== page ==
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The urban dictionary defines McDojo as "schools that are run and owned for the purpose of making money. Typically you are able to get a black belt in less than 2-3 years, and you are usually guaranteed success on the black belt test. These schools charge outrageous amounts of money, have extensive contracts, and are sometimes cult like." But there´s more to it than just money.
McDojos are global. Probably every style of Martial Art has a McDojo located somewhere. I have seen websites that list what they believe are McDojos, and the tell tale signs that you could be training at one. For me, a McDojo represents a distinct lack of quality and knowledge that somehow is portrayed as a high standard designed to rob the practitioner of money. They teach poorly and end up putting a bad name on the style they buy into.
1. Your instructor is certified as an instructor, but only has a low rank: This means that the parent organisation is pushing through lowly qualified/certified practitioners to carpet bomb the area with what that call "quality instructors". Mostly likely they paid expensive fees and had to travel to the homeland of the style to get "the best" training. Also they probably only have a year or two of training in the style. You know a good instructor must be able to prove themselves with technique and knowledge, and this takes years of study and training, far more than a beach holiday or trip to the mountain temple.
2. Expensive fees and long contracts: True instructors of the styles teach because of the love they have for the style and they want to promote it to as many people as possible. For them it´s not about money, it´s about the belief in the style and what it represents. A McDojo will tie you into a long and expensive contract, they may offer you a short free trial, but very quickly they´ll lead you to the reception desk under a big logo and have you sign a contract. Be sure to read it carefully, it probably has a minimum commitment of a year with an automatic renewal and a written notice period of 1-3 months. Even the instructor will have to pay a fee up to the parent organisation regularly (like a pyramid scheme), and attend regular updates, of course if they do not pay they get removed from the organisation. Updates are a great idea, but usually in a McDojo the instructor is of low rank and still has a lot to learn anyway.
3. Frequent gradings: You´ll probably have a natural desire to progress in the style, and a McDojo will add more and more levels. You´ll likely be told that to grade you "must" have a club t-shirt too. In passing you be sold a new belt or patch. And when you go for the next grading, and the one after, you´ll find that a McDojo makes you repeat all the beginner techniques too. You´ll be told this is because you need strong basics, but the truth is simply because there are not enough techniques to fill the number of levels they made in the grading system. Your instructor will be reluctant to show you advanced techniques before you have graded to the next levels, not because you have poor basics but because he wants your grading fee and more time to learn the techniques them self (possibly through YouTube).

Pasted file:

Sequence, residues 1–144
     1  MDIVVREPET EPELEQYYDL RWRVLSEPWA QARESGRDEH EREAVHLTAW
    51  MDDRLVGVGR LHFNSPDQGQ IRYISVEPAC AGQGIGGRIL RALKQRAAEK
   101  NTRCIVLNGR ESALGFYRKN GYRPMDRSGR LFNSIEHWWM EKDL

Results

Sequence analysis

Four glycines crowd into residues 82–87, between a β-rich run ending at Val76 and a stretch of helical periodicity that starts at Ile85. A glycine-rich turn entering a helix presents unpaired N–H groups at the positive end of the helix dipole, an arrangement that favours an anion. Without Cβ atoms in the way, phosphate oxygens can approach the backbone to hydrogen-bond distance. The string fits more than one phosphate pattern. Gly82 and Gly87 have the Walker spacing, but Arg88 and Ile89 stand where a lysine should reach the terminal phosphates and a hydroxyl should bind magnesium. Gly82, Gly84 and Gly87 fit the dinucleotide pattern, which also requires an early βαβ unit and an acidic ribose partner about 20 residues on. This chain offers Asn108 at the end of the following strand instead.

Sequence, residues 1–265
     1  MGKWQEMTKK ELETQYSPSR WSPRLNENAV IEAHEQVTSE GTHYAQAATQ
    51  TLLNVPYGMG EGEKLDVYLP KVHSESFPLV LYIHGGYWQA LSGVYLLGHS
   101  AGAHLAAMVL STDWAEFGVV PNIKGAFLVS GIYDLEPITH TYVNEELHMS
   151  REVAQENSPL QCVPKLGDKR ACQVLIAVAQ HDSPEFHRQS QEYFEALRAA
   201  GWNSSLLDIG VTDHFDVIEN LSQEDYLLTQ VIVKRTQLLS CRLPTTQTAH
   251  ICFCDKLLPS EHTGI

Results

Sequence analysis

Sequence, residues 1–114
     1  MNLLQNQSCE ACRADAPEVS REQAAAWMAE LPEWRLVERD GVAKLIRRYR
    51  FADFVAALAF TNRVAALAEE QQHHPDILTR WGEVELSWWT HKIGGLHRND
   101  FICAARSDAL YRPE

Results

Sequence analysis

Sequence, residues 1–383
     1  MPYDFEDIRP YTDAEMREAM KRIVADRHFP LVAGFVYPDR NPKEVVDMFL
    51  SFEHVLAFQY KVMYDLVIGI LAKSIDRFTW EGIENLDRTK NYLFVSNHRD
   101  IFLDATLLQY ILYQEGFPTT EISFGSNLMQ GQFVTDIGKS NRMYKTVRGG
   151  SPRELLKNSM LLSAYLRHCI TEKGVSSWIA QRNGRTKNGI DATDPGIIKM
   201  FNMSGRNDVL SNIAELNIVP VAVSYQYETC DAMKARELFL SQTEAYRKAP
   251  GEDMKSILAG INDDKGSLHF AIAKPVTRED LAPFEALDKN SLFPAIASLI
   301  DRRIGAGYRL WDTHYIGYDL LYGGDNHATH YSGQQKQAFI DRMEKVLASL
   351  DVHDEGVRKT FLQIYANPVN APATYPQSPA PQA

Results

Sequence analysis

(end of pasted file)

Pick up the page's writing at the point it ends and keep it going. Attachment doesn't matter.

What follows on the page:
4.Exaggerated claims: Your McDojo instructor is a "certified" Law Enforcement/Military/Close Protection/advanced ninja trainer. Yet has absolutely no credible background in teaching this to anyone other than those you see in the dojo. Real instructors in these fields will have actual experience, and did not just a attend an in house branded certification course that is likely only a few days long. Certification by a organisation is not a qualification and does not make up for experience. Of course, they will claim is quality instruction and they met the standard, but the standard is designed to pass as many people as possible in a marketing ploy. I´d be willing to bet those courses have an extremely high pass rate. And ask yourself, really, now much can they learn in a week? Does it really make up for years in the field?
5. All the same: Standardisation is another aim of a McDojo organisation. Instructors in McDojos often don't last long. Mostly due to the lack of knowledge and training they have, they are unable to sustain the position for long and will groom a replacement. With standardisation, instructors can be replaced easily by completing the same fast track 2 day / 2 week certification process. The syllabus of a style should be almost identical everywhere anyway, but the teaching style shouldn't be. Different instructors have different personalities and different delivery styles, but in a McDojo the instructors are given set formats and methods of delivery, like a script. No flare or individuality. It was all designed to sound impressive and get members to sign long contracts quickly.
To any McDojo instructor reading this: You are what is wrong with the Martial Arts industry. You know that you have little skill, you´re in this for financial gain and the stature of being an instructor. It does not matter what organisation sold you your certification we both know you are shit, and clients know it too (maybe they take time to realise it, maybe up to the length of your contracted period, but the attrition rate in your schools are sky high). They see the difference. Although, I am glad you exist. With you around there will always be competition that is easily beaten by those with real qualifications and experience. And true quality, knowledge and value trumps your marketing logo, slogans and adverts.